I love the title of the review, “Amid all that experience, innocence.” My home state gal Justin Bond sang a cover at the show. That’s a lot of feminine love!
Male maid cafes
The Japan Times features a wonderful Christmas Eve story about the growing popularity of male maid cafes. What I love is that this trend of men assuming the maid costume is presented as having nothing to do with sexuality or gender identity.
1. Men like dressing as women, and it’s becoming more acceptable.
Behind this nascent trend, observers say, is that more men are beginning to enjoy dressing as a woman from a fashion viewpoint, and society is becoming more tolerant of the practice.
2. There are not enough women workers.
It started when one of the regular waitresses quit.
3. Male customers feel more comfortable being served by men.
“Men who are not used to being served by women can feel relaxed and talk to the ‘maids’ easily because they are male,” said Chaan Sarin, who heads the cafe’s waitstaff.
4. For the maids, cross-dressing provides stress-relief from work. It’s only temporary, the girlfriend does not know, and this personal therapy will be ended with marriage.
“I become a totally different person to release my stress from work. I have the feelings of a man and I will quit once I get married,” he said.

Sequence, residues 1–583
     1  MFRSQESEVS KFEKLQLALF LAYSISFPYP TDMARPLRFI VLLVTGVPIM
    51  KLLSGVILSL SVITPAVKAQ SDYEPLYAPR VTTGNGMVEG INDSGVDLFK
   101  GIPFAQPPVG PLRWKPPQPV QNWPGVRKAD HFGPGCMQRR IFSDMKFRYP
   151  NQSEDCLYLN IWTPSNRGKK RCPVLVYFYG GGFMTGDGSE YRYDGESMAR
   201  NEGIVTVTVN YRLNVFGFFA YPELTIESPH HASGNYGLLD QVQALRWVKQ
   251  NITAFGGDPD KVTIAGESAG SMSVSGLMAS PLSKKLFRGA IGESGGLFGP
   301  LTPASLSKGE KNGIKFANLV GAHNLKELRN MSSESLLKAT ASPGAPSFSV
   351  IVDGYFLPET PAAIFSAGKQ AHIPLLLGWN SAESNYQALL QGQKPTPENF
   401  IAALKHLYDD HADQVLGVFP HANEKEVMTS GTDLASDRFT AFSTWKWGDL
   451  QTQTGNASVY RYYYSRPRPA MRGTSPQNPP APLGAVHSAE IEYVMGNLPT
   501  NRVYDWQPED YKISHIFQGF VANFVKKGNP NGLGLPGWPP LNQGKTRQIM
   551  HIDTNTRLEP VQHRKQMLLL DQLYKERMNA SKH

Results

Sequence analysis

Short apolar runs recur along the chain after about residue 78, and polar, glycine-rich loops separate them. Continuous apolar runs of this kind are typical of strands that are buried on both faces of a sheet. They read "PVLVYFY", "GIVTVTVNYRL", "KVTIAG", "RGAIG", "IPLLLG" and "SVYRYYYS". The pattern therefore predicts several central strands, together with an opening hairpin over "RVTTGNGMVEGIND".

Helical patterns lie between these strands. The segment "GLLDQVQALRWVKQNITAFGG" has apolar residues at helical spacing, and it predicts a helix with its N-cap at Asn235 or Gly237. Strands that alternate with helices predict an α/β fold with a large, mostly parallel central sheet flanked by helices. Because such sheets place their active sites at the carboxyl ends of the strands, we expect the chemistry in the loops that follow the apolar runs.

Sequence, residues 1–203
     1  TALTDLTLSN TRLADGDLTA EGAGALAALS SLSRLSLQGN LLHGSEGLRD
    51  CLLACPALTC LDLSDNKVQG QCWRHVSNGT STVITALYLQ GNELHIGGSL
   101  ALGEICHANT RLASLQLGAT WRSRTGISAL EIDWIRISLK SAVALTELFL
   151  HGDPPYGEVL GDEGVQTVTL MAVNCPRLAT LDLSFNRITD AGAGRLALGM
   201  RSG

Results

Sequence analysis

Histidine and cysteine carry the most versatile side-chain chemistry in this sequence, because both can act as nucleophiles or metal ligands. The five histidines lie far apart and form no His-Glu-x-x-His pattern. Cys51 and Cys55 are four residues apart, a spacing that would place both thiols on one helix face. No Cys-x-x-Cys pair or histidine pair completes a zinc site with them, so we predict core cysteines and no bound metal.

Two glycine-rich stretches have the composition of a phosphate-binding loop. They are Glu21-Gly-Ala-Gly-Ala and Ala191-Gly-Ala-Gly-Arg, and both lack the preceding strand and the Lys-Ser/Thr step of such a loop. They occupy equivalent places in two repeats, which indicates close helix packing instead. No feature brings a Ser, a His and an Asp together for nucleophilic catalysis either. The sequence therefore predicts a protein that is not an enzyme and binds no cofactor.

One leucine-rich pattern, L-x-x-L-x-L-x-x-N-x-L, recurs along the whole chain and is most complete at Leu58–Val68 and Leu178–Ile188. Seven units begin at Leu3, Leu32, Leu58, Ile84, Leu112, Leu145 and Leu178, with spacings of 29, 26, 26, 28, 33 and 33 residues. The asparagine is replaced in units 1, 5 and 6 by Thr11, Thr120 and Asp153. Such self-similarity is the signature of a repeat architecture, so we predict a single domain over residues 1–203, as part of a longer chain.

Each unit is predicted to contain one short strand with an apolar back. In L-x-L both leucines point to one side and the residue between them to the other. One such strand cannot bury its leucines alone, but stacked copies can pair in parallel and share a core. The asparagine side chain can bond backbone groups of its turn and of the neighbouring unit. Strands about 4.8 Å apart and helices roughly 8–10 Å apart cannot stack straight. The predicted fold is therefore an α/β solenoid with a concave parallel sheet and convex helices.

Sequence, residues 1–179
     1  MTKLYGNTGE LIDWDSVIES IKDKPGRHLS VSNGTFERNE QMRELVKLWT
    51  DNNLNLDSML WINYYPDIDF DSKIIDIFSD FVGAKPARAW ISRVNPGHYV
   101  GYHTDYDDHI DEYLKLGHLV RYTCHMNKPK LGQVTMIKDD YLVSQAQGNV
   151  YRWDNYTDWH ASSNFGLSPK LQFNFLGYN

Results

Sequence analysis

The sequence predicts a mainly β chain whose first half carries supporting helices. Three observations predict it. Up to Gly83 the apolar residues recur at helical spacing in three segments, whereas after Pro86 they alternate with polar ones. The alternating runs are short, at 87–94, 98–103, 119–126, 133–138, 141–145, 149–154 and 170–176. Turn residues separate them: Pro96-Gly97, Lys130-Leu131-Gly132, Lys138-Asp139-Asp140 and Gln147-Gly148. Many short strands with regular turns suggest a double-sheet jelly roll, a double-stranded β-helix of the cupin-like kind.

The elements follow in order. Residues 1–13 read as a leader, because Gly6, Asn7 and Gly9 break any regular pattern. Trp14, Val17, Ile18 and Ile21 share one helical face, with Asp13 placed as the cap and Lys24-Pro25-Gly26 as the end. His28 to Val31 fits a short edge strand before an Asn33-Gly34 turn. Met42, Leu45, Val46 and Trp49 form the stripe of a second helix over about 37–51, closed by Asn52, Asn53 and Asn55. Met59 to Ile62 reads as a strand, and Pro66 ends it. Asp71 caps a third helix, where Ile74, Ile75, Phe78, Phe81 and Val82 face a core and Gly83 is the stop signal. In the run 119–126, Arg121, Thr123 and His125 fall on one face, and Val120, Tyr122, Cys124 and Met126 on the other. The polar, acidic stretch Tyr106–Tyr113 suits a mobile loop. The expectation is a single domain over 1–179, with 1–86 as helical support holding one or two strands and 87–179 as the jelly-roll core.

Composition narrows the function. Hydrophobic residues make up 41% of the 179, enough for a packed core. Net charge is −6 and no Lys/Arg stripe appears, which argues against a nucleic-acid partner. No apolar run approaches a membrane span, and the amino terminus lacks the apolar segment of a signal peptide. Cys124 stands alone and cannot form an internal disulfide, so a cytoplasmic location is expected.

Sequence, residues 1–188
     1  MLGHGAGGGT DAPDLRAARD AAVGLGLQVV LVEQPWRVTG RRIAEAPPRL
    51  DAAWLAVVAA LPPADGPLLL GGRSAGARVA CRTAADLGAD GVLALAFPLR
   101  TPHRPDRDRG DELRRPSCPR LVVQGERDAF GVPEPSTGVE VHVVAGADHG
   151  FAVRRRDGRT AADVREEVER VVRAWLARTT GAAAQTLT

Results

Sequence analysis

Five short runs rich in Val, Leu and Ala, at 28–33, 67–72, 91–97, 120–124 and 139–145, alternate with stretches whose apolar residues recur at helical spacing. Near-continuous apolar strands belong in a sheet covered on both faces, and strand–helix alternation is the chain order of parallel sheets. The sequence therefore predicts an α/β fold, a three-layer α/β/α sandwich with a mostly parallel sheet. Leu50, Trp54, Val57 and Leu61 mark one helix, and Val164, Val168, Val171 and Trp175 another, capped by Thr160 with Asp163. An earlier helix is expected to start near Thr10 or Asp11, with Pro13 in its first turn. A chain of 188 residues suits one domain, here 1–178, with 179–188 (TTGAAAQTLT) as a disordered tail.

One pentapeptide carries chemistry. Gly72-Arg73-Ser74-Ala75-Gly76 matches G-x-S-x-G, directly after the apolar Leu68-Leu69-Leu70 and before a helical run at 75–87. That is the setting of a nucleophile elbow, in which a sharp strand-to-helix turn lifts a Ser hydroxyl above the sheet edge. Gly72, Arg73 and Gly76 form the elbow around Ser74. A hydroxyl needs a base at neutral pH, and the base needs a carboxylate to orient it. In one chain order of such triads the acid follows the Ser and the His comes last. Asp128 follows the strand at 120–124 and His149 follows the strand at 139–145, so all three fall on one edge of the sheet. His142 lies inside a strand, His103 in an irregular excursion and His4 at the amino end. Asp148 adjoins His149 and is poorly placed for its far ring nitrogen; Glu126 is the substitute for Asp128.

5. Manga makes them do it.
More male fans are also dressing like their favorite female characters in “anime’ animation and computer games.
6. Publishing houses are helping men look better in drag.
Cashing in on this trend, Osaka-based Yu-time Publishing released the book “Otokonoko no Tameno Henshin Gaido” (“Guide for Boys to Transform Themselves”) in October 2008.
7. Tolerance is related to looking pretty, and new media sources allow men to be prettier women today.
“People began to accept men dressed as women, saying it is OK as long as they are beautiful. At the same time, as there is more information nowadays on how to dress like women, men have gotten dramatically better at it.”
Japan has the most awesome combination of extreme kinkiness and feigned innocence.
The innocence of sleep
Call me a pervert. It won’t be the first time. But there’s something deliciously innocent about watching men sleeping. In Japan, people sleep in public with neither shame nor fear.